The information regarding the tertiary structure of a protein is imprinted in the linear arrangement of its constituent amino acids and the said structure has evolved through interactions of amino acids in 3D space. Here, we have analyzed a large number of protein structures with a simple but powerful framework of protein contact network. Our results show that the method can extract several known properties of protein structure as well as can unravel several new features. The existence of comparatively larger size of LRN-LCC at higher interaction strength cut-off in thermophiles than mesophiles indicate that the higher interaction strengths among the amino acid nodes of these thermophilic long-range clusters provide extra stabilizing force to their tertiary structure. All the different length scale protein contact subnetworks have assortative mixing behavior of the amino acids. While the assortativity of long-range is mainly governed by their hydrophobic subclusters, the short-range assortativity is an emergent property not reflected in further subnetworks. The assortativity of hydrophobic subclusters in long-range and all-range network implies the quicker communication ability of hydrophobic subclusters over the others. We further observe the higher occurrences of hydrophobic cliques with higher perimeters in ARNs and LRNs. In SRNs, charged residues cliques have highest occurrences. In ARNs and LRNs, the percentage of charged residues cliques goes up with increase in interaction strength cutoff. This reflects that charged residues clusters (not just a pair of interaction), in addition to hydrophobic ones, play significant role in stabilizing the tertiary structure of proteins. Further, the assortativity and higher clustering coefficients of hydrophobic long-range and all range subclusters postulate a hypothesis that the hydrophobic residues play the most important role in protein folding; even it controls the folding rate. Finally, we should clearly mention that our network construction explicitly considers only the London van der Waals force among the residues. This does not include electrostatic interaction between charged residues or H-bonding, etc. To get further insights, one should explicitly consider all the non-covalent interactions among amino acids. However, it is interesting to note that the present simple framework of protein contact subnetworks is able to capture several important properties of proteins’ structures.
SK designed the experiment, DS performed the whole study and both of them prepared the manuscript. Both authors read and approved the final manuscript.
Protein contact network
Short-range interaction network
All-range interaction network
Largest connected component
Interaction strength cutoff
Critical interaction strength
Pearson correlation coefficient
Branden C, Tooze J: Introduction to Protein Structure. Garland publishing incorporated, New York; 1998.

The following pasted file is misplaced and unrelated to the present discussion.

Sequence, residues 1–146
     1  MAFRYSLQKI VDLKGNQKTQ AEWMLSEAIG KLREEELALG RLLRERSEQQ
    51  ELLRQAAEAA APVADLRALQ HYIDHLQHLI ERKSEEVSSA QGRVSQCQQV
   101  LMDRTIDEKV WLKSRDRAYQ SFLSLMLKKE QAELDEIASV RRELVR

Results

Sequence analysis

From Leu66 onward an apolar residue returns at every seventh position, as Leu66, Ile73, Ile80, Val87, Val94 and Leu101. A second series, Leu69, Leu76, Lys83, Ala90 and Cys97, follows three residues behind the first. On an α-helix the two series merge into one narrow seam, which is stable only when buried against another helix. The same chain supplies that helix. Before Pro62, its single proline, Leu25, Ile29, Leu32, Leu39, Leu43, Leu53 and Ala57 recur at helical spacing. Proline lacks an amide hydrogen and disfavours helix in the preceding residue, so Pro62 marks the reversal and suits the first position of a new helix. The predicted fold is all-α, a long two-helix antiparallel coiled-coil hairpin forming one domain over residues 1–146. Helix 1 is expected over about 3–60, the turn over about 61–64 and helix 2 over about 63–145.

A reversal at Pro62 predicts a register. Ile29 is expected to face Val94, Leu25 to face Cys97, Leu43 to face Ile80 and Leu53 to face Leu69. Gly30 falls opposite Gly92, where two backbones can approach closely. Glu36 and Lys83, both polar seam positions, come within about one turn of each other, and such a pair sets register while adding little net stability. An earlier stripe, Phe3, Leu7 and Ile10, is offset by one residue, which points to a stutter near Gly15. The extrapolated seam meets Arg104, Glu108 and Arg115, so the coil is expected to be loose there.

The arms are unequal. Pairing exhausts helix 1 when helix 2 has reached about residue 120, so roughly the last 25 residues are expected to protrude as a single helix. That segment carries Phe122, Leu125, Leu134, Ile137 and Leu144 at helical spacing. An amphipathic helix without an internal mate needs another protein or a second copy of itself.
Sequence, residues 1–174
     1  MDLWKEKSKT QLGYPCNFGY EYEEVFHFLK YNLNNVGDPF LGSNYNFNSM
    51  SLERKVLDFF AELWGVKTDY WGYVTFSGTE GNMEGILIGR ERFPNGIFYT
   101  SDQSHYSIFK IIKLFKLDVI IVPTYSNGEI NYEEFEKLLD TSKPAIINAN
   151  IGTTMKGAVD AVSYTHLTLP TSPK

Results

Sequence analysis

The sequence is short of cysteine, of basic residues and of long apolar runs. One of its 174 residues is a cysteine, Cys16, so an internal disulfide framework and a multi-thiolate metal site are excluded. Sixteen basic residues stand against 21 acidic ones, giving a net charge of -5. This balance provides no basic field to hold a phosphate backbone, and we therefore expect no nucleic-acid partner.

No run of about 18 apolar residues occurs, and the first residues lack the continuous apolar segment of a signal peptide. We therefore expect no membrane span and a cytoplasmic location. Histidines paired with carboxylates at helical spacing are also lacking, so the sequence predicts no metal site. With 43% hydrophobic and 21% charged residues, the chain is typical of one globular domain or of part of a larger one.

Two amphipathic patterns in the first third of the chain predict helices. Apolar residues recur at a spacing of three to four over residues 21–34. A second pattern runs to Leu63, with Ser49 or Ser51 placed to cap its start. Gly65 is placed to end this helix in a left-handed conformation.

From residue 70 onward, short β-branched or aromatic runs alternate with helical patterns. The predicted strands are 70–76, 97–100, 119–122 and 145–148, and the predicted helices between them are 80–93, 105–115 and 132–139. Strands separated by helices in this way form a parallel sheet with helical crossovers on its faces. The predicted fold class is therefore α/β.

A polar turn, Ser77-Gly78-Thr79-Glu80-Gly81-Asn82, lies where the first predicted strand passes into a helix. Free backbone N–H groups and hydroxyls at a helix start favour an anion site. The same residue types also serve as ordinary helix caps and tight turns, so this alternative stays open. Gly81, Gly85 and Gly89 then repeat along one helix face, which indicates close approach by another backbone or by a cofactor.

BoIde C, KovaIcs IA, S SM, Palotai R, KorcsmaIros T, Csermely P: Network analysis of protein dynamics. FEBS Lett 2007, 581: 2776–2782. 10.1016/j.febslet.2007.05.021
Kannan N, Vishveshwara S: Identification of side-chain clusters in protein structures by a graph spectral method. J Mol Biol 1999, 292: 441–464. 10.1006/jmbi.1999.3058
Brinda KV, Vishveshwara S: A network representation of protein structures: implications to protein stability. Biophys J 2005, 89: 4159–4170. 10.1529/biophysj.105.064485
Greene LH, Higman VA: Uncovering network systems within protein structures. J Mol Biol 2003, 334: 781–791. 10.1016/j.jmb.2003.08.061
Dokholyan NV, Li L, Ding F, Shakhnovich I: Topological determinants of protein folding. Proc Natl Acad Sci USA 2002, 99: 8637–8641. 10.1073/pnas.122076099
del Sol A, Fujihashi H, Amoros D, Nussinov R: Residues crucial for maintaining short paths in network communication mediate signaling in proteins. Mol Syst Biol 2006, 2: 2006.0019.
Amitai G, Shemesh A, Sitbon E, Shklar M, Netanely D, Venger I, Pietrokovski S: Network analysis of protein structures identifies functional residues. J Mol Biol 2004, 344: 1135–1146. 10.1016/j.jmb.2004.10.055
Vendruscolo M, Dokholyan NV, Paci E, Karplus M: Small-world view of the amino acids that play a key role in protein folding. Phys Rev E 2002, 65: 06191.
Kundu S: Amino acids network within protein. Physica A 2005, 346: 104–109. 10.1016/j.physa.2004.08.055
Aftabuddin M, Kundu S: Weighted and Unweighted network of amino acids within protein. Physica A 2006, 39: 895–904.
Aftabuddin M, Kundu S: Hydrophobic, hydrophilic, and charged amino acid networks within protein. Biophys J 2007, 93: 225–231. 10.1529/biophysj.106.098004
Aftabuddin M, Kundu S: AMINONET - a tool to construct and visualize amino acid networks, and to calculate topological parameters. J Appl Cryst 2010, 43: 367–369. 10.1107/S002188981000110X
Gromiha MM, Selvara S: Influence of medium and long-range interactions in protein folding. Prep Biochem and biotechnol 1999, 29: 339–351. 10.1080/10826069908544933
Anderson JS, Scheraga HA: Effect of Short- and Long-Range Interactions on Protein Folding. J Protein Chem 1982, 1: 281–304. 10.1007/BF01039553
Go N, Taketomi H: Respective roles of short- and long-range interactions in protein folding. Proc Natl Acad Sci USA 1978, 75: 559–563. 10.1073/pnas.75.2.559